Recently there was a story in the news about a company that was fighting with the government over whether its product should be classified as a doll or a toy. It was important for the company to have the product classified as a toy rather than a doll because of the tariffs involved. If the product was a doll, then the tariff on it would be 12 percent. If it was classified as a toy, then the tariff would be 6 percent.
It is interesting that the tax on goods coming into the country from foreign lands is lower than the income tax on individuals who live here. Why is that so interesting? It is interesting because of the impact taxes have on the cost of products.
Let’s consider a product that is made in America, which has a high income tax, versus a product that is made in a nation which has no income tax. Now let’s assume that half of the cost of the product is attributable to labor. If the effective tax rate of the workers who make the product is 20 percent, then the cost of the product will increase by 10 percent.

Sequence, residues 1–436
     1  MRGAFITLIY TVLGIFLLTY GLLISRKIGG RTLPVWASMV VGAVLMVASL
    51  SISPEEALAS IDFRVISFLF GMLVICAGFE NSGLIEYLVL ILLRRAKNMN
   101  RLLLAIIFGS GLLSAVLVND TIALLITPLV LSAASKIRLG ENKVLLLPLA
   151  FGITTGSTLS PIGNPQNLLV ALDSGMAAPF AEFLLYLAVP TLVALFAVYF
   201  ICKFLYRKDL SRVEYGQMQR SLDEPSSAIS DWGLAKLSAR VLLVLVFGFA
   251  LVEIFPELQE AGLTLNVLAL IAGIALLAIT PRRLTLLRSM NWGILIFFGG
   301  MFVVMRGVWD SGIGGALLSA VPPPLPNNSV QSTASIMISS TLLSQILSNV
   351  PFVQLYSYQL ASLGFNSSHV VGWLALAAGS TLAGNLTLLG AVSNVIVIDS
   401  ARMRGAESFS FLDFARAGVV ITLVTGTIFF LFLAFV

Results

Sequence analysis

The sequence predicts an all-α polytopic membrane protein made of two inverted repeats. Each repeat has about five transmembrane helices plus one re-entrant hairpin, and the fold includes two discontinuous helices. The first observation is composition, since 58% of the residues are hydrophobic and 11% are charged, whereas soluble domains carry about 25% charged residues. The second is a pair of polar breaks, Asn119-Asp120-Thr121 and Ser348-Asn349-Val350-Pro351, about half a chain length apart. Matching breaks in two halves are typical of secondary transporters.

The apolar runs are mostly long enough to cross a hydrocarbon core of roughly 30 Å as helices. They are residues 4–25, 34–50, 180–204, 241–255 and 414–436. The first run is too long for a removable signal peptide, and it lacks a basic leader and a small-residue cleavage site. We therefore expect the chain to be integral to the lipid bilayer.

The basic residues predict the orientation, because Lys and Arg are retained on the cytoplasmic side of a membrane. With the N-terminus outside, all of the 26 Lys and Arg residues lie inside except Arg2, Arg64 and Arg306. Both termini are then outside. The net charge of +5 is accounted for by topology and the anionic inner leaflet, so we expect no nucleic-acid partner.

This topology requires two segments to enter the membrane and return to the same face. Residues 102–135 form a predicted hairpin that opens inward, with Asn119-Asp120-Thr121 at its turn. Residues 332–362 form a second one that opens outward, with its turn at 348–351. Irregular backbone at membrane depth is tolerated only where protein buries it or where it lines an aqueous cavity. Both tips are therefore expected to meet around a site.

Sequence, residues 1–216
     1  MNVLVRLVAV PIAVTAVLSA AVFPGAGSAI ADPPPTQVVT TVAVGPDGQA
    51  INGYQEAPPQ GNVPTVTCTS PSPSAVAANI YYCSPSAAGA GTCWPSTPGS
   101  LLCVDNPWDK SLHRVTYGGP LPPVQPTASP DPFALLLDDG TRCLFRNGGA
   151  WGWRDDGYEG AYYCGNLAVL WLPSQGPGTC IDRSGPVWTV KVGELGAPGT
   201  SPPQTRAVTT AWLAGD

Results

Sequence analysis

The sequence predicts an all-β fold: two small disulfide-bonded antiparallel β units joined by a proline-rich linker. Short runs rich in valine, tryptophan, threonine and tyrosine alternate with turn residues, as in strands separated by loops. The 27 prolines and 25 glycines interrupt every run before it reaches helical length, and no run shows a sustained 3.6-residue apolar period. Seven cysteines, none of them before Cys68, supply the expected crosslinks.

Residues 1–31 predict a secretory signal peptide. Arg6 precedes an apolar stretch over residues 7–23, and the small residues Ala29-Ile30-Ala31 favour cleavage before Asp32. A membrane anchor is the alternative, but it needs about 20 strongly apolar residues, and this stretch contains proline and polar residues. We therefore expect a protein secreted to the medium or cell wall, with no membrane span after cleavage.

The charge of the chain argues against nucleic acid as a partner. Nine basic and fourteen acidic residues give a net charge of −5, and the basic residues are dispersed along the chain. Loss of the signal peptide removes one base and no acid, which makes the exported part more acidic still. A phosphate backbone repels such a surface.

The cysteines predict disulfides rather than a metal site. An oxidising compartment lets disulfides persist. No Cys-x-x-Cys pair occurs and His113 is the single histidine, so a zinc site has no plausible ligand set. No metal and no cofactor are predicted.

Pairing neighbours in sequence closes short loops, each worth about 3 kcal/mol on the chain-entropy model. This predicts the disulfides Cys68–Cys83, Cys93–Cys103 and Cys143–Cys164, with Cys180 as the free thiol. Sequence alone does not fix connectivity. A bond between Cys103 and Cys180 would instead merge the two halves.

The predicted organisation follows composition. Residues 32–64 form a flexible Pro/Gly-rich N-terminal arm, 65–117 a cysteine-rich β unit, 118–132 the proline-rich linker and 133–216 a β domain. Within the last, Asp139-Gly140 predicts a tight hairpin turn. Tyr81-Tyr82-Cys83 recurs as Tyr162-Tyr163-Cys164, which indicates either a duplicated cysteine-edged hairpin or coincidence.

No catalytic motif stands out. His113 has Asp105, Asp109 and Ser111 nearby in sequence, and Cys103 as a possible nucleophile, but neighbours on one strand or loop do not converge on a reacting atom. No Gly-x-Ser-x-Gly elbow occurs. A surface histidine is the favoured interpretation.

Let me explain further. The income tax on the workers increases the cost of the product because it increases the cost of labor. If not for the tax, the worker could accept a lower salary. This is true because, in a no income tax world, the worker would “take home” the same amount even if his base pay were lower. In our example, the worker would accept 20 percent less. Since half of the final cost of the product is attributable to workers’ salaries, the cost of the product would then be 10 percent less.